My image of my grandmother, Margaret Boyle nee Martin, was of an old lady with her dark, fine hair scraped back in a bun. A widow for many years, she dressed in the regulation black and white of her generation, with the occasional navy blue thrown in as a nod to high days and holidays.
When we stayed at the family farm outside Milltown, Co. Galway, in the 1960s and 1970s, she wore workman-like black boots and I’d stare at them thinking that back in Yorkshire, my home city, I didn't know any women who wore such footwear.
Life halted at 6pm in her bungalow as Irish TV played the Angelus – the prayer of devotion traditionally recited in devout Catholic households three times a day. My grandmother stopped whatever she was doing, sat in her high-backed wooden kitchen chair and prayed. Then the TV would be switched off – and covered with a tea towel while we ate our meal.
At night time, I’d quietly watch her silhouette as she knelt at her bedside to pray before she got into bed with me.
Her careworn face was lined and tanned – undoubtedly from years of running the farm, raising her seven children, caring for a disabled husband and tending the orphaned seven children on the neighboring farm.
But though the top of her back was stooped as age took hold, her blue eyes always had a twinkle in them.
Today, her story would probably register as shocking. Back then, and in the harsh times of life in the first half of the 1900s, it was undoubtedly one replicated in all of Ireland’s counties.
Indeed, many readers whose family hailed from other native shores will tell similar tales.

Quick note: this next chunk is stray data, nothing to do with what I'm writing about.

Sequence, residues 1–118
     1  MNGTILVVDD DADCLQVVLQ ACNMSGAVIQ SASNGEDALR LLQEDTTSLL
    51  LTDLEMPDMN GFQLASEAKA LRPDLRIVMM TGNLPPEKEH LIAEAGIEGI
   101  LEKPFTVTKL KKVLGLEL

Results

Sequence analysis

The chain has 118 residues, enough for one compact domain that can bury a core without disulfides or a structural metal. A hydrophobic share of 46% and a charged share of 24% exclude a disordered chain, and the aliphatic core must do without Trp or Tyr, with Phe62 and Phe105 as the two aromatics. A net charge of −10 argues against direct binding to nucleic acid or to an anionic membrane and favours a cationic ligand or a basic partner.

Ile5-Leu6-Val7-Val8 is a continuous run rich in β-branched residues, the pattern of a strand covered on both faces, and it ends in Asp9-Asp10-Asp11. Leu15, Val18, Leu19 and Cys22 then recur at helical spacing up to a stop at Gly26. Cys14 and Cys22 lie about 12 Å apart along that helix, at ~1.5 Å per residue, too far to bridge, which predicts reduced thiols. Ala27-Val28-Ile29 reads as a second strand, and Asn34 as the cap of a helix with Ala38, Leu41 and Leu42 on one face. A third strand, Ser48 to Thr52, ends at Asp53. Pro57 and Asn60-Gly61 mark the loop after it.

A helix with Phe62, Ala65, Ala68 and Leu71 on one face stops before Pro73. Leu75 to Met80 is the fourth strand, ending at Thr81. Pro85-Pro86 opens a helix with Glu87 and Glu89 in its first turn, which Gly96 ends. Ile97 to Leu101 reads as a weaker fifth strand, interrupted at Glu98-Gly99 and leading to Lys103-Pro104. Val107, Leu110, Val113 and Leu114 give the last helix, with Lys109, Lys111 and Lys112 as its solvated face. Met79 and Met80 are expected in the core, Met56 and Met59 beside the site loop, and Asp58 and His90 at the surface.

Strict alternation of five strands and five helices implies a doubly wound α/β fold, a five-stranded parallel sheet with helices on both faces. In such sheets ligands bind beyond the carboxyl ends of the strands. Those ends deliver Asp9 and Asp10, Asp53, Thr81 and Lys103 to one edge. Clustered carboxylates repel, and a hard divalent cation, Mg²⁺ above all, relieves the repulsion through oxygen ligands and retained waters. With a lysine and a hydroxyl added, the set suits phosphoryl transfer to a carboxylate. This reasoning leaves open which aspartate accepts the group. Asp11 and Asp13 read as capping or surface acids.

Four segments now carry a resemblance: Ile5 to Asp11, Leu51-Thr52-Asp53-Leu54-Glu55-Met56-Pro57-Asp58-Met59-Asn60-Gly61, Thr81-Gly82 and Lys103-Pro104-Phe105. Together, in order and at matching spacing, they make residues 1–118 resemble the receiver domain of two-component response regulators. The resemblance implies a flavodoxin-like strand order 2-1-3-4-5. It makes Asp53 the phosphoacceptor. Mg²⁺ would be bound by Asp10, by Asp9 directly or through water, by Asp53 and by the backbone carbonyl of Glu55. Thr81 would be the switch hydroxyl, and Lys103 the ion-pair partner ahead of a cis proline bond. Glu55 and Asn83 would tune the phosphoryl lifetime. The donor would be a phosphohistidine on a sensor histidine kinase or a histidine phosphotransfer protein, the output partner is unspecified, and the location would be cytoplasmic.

Occasionally, it would be mentioned that my grandmother had been to America as a young woman. And more shockingly, she had been due to sail on the Titanic, joining the hundreds with a third class ticket hoping it would transport them to a better life across the Atlantic.
It was a story I never, regrettably, asked her about. But it is said that on the April 15 anniversary of the ship’s sinking, she would never talk about it and would feel ill.
I have spent years researching my family tree – long before the Internet was in mass use – and my doggedness helped me get quite far back on my mother’s Mayo-based Costello, Leitrim-rooted McPartland and Wicklow Keegans lineage.
It’s only in the last three years that I have tackled the Boyle and Martin (my paternal grandmother’s maiden name) side.
But as I gathered information, it made me reassess the old lady staring stoically into the camera in our family photos and see through fresh eyes the once beautiful young woman she was.
Since the 1840 Famine, Irish people were forced to leave their homeland to survive. They really only had two choices – America or England. And so my ancestors immigrated to both lands. By 1890, two of every five Irish-born people were living abroad. By the end of the century the population of Ireland had almost halved, and it never regained its pre-Famine level.